Last but not least

Community post: The final keyword in Java


Alex Collins on why use of the ‘final’ keyword is useful for reducing state mutation, albeit with caveats.

In a new feature for 2013, we’re highlighting blog posts by
members of the community. This week’s post comes from Alex Collins, a UK-based Java
developer by day and a Clojure, Python, Grails or Android hacker by
night. The original post can be found here.

Whilst many will frown at the use of the
keyword in Java code, I find it a breath of fresh air.
Perhaps it’s that I tend to lean on the side of caution,
conservatism and safety when it comes to code: immutability being
one of many examples of such. In this post I argue using it better
than not, much like avoidance of doubt lends itself to stronger

Immutability is therefore the strongest reason I quote when one
asks why I declare as much as possible as final in my code, but as
with many things the use of final does have its caveats.


According to the
Java Language Specification

A variable can be declared final. A final variable may only be
assigned to once. Declaring a variable final can serve as useful
documentation that its value will not change and can help avoid
programming errors.

It is a compile-time error if a final variable is assigned
to unless it is definitely unassigned (§16) immediately prior to
the assignment.

which means local or class scope, if you declare a variable
final it must be assigned and (according to certain rules) and the
compiler complains on subsequent attempts.

To me, this is useful because if something cannot change then why
let it? If I can let the compiler do something for me reliably and
consistently, then why shouldn’t I? Again: if a value shouldn’t
change then make sure it doesn’t.


Some might find the following code more readable than an equivalent
with the use of final:

public float calculateAverageAge(Collection personCol) {
float ageSum = 0;
for (Person p : personCol) {
ageSum += p.getAge();
return ageSum / personCol.size();

Yet, when we compare, there’s little difference:

With that said, the old adage “code is read many more times than
it’s written” is a strong case against; though I personally feel
it’s not actually that unreadable: but I risk venturing
into an argument of subjectivity which we all know is futile.
Perhaps it’s only less readable because you’re not used to it?
Perhaps if it were commonplace we’d never have a problem. If it’s a
screen real estate issue:
has the same number of letters as the C keywords

and there are
who argue that using
is good practice too; not to mention that we’re no
longer in the days of 80-character-wide terminals.


I think it’s fair to state that software is complex. Reducing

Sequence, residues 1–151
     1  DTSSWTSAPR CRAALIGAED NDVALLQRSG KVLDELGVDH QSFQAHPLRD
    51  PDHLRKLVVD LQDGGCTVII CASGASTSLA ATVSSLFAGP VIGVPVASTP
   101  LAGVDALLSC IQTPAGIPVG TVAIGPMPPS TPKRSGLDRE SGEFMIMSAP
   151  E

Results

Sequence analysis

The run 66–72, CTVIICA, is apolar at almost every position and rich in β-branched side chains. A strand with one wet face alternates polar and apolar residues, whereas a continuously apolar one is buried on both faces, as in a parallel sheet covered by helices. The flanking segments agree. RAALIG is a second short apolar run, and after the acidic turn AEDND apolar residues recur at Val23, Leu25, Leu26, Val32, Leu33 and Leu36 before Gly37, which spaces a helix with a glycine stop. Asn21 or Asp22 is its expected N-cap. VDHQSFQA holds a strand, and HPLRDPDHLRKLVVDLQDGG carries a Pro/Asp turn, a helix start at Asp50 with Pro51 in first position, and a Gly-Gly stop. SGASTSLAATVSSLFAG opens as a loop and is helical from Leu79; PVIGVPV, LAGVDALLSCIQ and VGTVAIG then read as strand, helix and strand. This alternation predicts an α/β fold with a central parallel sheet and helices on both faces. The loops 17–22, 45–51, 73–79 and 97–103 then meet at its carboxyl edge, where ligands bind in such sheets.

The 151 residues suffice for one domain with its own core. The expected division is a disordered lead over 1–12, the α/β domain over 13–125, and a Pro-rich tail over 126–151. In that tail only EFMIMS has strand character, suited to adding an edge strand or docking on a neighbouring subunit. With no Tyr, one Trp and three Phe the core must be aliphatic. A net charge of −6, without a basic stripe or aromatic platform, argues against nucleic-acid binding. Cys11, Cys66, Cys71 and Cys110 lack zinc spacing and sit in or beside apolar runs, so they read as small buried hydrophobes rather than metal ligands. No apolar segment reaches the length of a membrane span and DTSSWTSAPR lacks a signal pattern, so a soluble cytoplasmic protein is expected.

complexity where possible makes it easier to reason about
solutions. Solutions that are easier to reason about are therefore
easier to implement at a programming level.

One assault on complexity in any given codebase is the mutation of
state: changing properties of some entity that some aspect of the
system’s logic relies on leads to a growth in what has to be
considered. One could argue then, that reducing state mutation
reduces complexity and this therefore leads to an easier solution.
It is here where
can aid. My reference cannot change. Recursively, the
properties within that object reference cannot change, which in
turns means I have less surprise and less to reason about when
using those objects. It is a solution that can cascade. [Update: as
stated on reddit, the final keyword does not extend to the fields
of an object instance, unlike C’s <pre>const</pre> on a
struct. I omitted this deliberately for a follow up post!] If you
don’t agree: replace “easier” with “simpler” and reconsider.

Again: if something cannot change then why let it? In a block of
code that declares 5 references and only one can be change
(reassigned) then it is that one we have to worry about. It is that
one that the unit test should cover in more cases. It is that one
that the new programmer reading the code 6 months after it was
written has to watch.

Functional Programming

In the functional programming world the idea of purity is a
fundamental tenet. Functions are pure if they have no side effects.
They are idempotent in nature: the same input produces the same
output. Whereas in contrast the OO world does not have such a
practice, at least in the same way.

To satisfy encapsulation we have mutators which provide an
interface to some property of an object. Coupled with abstraction
these allow the internal structure of that object to change without
forcing change on its clients; but herein lies the problem. Compile
time changes are but one fraction of change. Of equal concern are
the semantics of that dependency. If the code doesn’t have to be
recompiled then great, but what about the actual intent behind that
link? Has the logic changed? What impact does that have? How can I

The answer in either case is that you cannot tell without testing
or without analysing the code. I don’t see that as a huge problem:
with change we need to assert its validity. If we can encourage
code to “do what it says on the tin” then we have simpler
solutions. If side effects are non-existent then we have another
string to our bow of simplicity. K.I.S.S., right?


It’s never easy to argue a case for doing something absolute in the
professional software development “arena”. One learns either the
hard way or through teamwork that these absolute rules are few and
far between. Similarly, applying a concept or pattern blindly or
where it is inappropriate for the solution leads to problems.

Whilst I’d argue — as I have above — that reducing complexity is
always something a solution should head towards, sometimes it’s
unavoidable. Why then, would we not reduce it where we can, letting
us spend energy on the elements that are complex, on the components
that cannot be diluted further?

comments powered by Disqus